MetSoc Home            Publications            Contacts  
Search the Meteoritical Bulletin Database
Last update: 29 Jan 2023
Search for: Search type: Search limits: Display: Publication:
Text help
Starts with
Sounds like
Falls  Non-NWAs
What's new
  in the last:
Limit to approved meteorite names
Search text:  
Allan Hills A79045
Basic information Name: Allan Hills A79045
     This is an OFFICIAL meteorite name.
Abbreviation: ALHA79045
This meteorite may also be called Allan Hills 79045 (ALH 79045) in publications.

Observed fall: No
Year found: 1979
Country: Antarctica [Collected by US Antarctic Search for Meteorites program (ANSMET)]
Mass:help 115.4 g
Antarctic Meteorite Newsletter:  AMN 4(1)  (1981)  L3
Meteoritical Bulletin:  MB 76  (1994)  L3
NHM Catalogue:  5th Edition  (2000)  L3
MetBase:  v. 7.1  (2006)  L3.5
Recommended:  L3.5    [explanation]

This is 1 of 95 approved meteorites classified as L3.5.   [show all]
Search for other: L chondrites, L chondrites (type 3), Ordinary chondrites, and Ordinary chondrites (type 3)
Writeup from AMN 4(1):

Sample No.: ALHA79045

Location: Allan Hills

Field No.: 1177

Weight (gms): 115.4

Meteorite Type: L3 Chondrite


Physical Description: Roberta Score

A small patch of weathered fusion crust is visible on one surface. What may be remnant fusion crust on two surfaces is iridescent reddish-brown. The remaining three surfaces have weathered to a dull reddish-brown in color but the clastic nature of this meteorite is highly visible. One particular inclusion is 4 mm in diameter and yellow in color. The interior of the stone revealed through chipping is totally weathered. Dimension: 5.5 x 4.5 x 3 cm.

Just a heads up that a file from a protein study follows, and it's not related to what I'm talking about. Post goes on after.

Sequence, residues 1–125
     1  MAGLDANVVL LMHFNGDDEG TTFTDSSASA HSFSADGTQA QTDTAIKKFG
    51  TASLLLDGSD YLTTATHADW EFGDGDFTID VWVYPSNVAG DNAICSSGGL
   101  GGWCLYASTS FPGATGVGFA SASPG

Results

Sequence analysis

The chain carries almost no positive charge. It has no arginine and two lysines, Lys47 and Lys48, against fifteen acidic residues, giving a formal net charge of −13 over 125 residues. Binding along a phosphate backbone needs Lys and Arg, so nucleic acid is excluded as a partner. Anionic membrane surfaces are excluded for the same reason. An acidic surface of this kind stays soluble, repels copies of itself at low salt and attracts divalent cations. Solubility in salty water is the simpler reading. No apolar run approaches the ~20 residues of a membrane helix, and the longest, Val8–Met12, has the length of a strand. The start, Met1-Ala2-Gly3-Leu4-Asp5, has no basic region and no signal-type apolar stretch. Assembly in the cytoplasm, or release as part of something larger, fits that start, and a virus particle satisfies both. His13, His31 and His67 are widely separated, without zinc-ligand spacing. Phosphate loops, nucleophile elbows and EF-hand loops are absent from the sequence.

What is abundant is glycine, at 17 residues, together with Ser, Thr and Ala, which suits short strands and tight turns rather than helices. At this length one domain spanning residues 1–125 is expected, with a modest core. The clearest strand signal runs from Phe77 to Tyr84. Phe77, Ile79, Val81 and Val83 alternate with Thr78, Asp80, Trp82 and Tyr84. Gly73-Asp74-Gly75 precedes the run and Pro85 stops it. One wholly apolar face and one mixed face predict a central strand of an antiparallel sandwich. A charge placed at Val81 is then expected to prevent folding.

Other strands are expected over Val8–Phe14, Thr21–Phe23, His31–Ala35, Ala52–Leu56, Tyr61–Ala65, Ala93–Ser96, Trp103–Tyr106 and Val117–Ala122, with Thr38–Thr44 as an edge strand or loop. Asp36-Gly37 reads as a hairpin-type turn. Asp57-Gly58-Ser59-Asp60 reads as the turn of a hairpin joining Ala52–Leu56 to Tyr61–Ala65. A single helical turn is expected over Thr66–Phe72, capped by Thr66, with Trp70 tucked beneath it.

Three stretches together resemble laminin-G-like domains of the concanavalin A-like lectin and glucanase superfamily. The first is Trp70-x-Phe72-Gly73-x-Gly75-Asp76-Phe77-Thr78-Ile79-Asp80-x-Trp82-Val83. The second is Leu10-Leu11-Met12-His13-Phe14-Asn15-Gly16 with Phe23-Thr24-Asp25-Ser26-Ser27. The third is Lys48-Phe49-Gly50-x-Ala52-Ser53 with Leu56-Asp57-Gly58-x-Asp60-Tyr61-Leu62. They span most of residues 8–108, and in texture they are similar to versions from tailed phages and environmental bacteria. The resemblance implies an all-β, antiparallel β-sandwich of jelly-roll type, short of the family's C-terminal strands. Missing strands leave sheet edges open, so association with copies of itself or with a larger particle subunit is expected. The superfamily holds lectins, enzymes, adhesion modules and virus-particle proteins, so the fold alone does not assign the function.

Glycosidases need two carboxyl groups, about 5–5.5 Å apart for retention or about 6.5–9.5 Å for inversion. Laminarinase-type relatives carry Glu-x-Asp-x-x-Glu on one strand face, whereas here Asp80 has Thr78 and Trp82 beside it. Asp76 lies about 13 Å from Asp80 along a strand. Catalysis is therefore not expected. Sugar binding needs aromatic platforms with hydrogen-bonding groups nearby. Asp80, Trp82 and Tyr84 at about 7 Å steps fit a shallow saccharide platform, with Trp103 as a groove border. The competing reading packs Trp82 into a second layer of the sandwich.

Petrographic Description: Brian Mason

The meteorite consists of a close-packed aggregate of chondrules (0.3-2.1 mm across) and irregular clasts (some of them chondrule fragments), with a relatively small amount of matrix material. Chondrule types include porphyritic and granular olivine and olivine-pyroxene, barred olivine, and fine-grained pyroxene. Some chondrules have black troilite-rich rims. Intergranular glass in chondrules may be transparent and pale brown, but is usually turbid and partly devitrified. Only a small amount of nickel-iron is present. Most of the pyroxene shows polysynthetic twinning. Brown limonitic staining pervades the section. Microprobe analyses show variable composition for both olivine and pyroxene: olivine, Fa2-38, average Fa23; pyroxene Fs2-29, average Fs8. The variability of olivine and pyroxene compositions indicates type 3, and the low metal content suggests L group, so the meteorite is tentatively classified as an L3 chondrite.

Data from:
  Table 2
  Line 481:
Origin or pseudonym:Main icefield
Mass (g):115.4
Weathering grade:C
Fayalite (mol%):2-38
Ferrosilite (mol%):2-29
Comments:26Al=44±3; 77011 pairing group
Search for specimens in the Smithsonian Institution collection (U.S.):   
    Require SI photo
Search for this meteorite in the NASA/JSC database (U.S.):   
References: Published in Antarctic Meteorite Newsletter 4(1) (1981), JSC, Houston
Published in Meteoritical Bulletin, no. 76, Meteoritics 29, 100-143 (1994)
Find references in NASA ADS:
Find references in Google Scholar:

     Catalogue of Meteorites:   (76° 43'S, 159° 40'E)
     Recommended::   (76° 42' 10"S, 159° 24' 5"E)
Note: the NHM and MetBase coordinates are 7 km apart

     This is 1 of 43700 approved meteorites from Antarctica (plus 3802 unapproved names)
Proximity search:
Find nearby meteorites: enter search radius (km):

Direct link to this page